With all their professions of reverence for the law, these rabbis, in bringing the charge against the woman, were disregarding its provisions. It was the husband's duty to take action against her, and the guilty parties were to be punished equally. The action of the accusers was wholly unauthorized. Jesus, however, met them on their own ground. The law specified that in punishment by stoning, the witnesses in the case should be the first to cast a stone. Now rising, and fixing His eyes upon the plotting elders, Jesus said, "He that is without sin among you, let him first cast a stone at her." And stooping down, He continued writing on the ground. {461.3}
He had not set aside the law given through Moses, nor infringed upon the authority of Rome. The accusers had been defeated. {DA 461.4}


Jesus indeed raised the standard here of the Law of Deut 17:7 here to make, at least this first witness, to be clean of any sin himself. He thus closed this loophole where, manifestly unholy people where “hypocritically” accusing and condemning others of sins, possibly/probably, even the same ones. So He indeed ‘did not do away with the Law, but fulfilled it’, -‘magnifying it and making it honourable.’ (= Matt 5:17-20; Isa 42:21).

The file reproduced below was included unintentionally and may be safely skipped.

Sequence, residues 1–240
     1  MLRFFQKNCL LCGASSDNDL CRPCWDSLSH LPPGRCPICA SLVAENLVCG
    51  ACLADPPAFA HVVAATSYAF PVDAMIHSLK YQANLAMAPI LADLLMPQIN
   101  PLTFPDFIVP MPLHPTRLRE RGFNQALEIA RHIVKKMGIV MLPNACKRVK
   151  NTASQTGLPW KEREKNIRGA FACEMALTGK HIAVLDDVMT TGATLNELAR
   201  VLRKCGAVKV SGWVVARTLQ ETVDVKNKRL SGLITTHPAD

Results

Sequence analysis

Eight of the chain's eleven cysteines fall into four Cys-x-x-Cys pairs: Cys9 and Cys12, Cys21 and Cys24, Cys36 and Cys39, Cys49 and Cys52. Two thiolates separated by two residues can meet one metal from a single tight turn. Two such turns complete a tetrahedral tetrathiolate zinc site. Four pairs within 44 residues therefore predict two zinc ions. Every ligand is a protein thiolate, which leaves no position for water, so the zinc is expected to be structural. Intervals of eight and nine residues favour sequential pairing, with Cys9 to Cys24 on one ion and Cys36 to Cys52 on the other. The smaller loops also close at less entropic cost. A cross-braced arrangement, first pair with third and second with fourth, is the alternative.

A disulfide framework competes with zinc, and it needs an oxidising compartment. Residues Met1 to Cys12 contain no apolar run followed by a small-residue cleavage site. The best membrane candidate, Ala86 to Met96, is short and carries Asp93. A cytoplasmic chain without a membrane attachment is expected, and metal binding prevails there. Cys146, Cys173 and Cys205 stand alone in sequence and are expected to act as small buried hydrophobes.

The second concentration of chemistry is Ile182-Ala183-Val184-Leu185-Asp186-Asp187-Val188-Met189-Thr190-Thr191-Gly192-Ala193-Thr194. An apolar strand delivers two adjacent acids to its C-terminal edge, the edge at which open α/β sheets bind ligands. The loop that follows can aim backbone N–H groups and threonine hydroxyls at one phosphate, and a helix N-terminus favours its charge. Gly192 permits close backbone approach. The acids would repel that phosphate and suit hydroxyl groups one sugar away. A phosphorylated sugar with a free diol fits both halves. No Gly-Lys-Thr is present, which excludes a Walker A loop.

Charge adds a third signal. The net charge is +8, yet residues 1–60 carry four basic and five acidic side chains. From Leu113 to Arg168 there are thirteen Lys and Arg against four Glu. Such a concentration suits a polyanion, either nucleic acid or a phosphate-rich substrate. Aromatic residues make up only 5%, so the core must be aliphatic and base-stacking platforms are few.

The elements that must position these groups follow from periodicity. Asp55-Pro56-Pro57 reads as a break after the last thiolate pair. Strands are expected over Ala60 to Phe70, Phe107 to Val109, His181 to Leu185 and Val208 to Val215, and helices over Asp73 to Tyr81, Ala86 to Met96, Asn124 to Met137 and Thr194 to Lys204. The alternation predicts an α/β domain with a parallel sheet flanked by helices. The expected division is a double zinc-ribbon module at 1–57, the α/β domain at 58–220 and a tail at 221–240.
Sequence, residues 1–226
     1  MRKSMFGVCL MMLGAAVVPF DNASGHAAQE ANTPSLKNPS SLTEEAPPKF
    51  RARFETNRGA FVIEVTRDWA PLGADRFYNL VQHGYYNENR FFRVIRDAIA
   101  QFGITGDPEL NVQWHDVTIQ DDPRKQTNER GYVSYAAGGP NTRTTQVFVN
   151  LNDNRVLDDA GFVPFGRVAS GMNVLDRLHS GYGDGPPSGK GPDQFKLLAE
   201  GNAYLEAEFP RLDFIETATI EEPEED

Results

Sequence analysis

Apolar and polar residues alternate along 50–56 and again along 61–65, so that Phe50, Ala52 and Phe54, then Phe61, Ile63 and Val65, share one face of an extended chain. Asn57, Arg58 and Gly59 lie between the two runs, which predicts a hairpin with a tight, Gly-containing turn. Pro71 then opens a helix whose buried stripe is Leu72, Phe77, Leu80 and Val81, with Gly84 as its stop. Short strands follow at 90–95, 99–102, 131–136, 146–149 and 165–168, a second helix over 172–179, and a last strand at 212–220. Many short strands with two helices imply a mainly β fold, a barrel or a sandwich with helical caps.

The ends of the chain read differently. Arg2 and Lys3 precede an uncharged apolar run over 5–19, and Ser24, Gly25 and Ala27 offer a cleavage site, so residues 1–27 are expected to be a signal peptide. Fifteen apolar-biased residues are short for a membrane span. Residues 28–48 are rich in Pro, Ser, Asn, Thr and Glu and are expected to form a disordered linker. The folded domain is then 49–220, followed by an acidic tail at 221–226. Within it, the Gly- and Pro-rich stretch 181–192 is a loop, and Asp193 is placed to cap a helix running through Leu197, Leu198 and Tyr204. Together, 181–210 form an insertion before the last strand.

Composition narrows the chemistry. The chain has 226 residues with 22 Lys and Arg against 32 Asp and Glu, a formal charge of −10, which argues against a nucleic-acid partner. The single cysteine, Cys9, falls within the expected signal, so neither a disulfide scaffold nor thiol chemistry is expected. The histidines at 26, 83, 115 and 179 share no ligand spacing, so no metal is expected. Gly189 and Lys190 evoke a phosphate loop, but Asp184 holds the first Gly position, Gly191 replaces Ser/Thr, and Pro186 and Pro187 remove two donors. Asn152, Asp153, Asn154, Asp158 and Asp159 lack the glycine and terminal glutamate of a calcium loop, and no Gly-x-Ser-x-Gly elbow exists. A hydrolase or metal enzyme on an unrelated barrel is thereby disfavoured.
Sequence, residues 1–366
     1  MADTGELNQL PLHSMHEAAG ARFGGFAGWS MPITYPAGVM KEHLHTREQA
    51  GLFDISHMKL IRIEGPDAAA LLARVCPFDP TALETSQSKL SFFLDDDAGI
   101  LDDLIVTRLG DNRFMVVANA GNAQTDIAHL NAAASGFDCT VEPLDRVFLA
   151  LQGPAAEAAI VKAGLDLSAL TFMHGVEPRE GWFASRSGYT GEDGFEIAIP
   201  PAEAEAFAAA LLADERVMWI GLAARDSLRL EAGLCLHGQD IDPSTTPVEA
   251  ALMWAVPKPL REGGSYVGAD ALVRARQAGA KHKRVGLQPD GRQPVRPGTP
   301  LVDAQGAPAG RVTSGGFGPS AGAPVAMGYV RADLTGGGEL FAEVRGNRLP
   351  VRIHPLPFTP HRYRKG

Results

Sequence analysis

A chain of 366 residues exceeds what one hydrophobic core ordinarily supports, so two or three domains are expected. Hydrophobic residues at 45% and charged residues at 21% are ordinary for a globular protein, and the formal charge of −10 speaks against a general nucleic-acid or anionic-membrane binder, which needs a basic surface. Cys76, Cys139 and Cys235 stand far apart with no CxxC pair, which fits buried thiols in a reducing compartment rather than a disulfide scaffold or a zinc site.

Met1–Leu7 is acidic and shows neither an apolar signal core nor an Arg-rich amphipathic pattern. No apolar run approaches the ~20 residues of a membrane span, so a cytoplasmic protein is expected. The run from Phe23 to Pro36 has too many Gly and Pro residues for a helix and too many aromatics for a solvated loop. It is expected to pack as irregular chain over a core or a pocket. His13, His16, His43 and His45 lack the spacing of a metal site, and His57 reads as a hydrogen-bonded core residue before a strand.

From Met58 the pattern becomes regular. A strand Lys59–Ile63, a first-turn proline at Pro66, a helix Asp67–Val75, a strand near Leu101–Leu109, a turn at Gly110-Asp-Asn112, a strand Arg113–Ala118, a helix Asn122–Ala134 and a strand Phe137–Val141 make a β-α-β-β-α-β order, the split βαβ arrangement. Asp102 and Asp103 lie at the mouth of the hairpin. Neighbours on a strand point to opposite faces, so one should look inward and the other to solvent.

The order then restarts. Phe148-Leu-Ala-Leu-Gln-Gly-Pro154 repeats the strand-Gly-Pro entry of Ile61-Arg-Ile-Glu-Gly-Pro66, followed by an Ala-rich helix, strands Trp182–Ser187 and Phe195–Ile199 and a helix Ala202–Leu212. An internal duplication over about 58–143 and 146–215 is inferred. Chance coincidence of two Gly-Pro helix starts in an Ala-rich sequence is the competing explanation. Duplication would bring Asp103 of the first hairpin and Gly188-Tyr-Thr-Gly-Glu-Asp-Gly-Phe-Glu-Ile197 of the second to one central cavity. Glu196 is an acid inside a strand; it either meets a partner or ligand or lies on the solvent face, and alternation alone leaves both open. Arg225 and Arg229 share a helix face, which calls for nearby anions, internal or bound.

Originally Posted By: kland
And what's this about righteous level? Do you say the past killings you speak of were not righteous, but now anyone without sin can kill? Why was it permitted in the past when the ones doing it had sin and revenge, spitefulness and injustice?


I did not make that blanket statement. Probably most of these past capital punishment executions were indeed righteous, i.e., the accusers and executors themselves were righteous. As I see it in the OT, when Israel was not righteous, such sins were not even condemned, nor adjudged, including at the highest levels. However by Christ day, and maybe only in that single “ensnaring” attempt case, the accusers were hypocritically not righteous. Indeed hypocrisy had become an entrenched loophole in Israel by Christ advent, which He copiously, variously addressed throughout His all-restoring ministry. So Jesus addressed that fact head on, and if applicable, set the standard for that Law on an even higher level, an amendment that He, the Lawgiver, can freely do.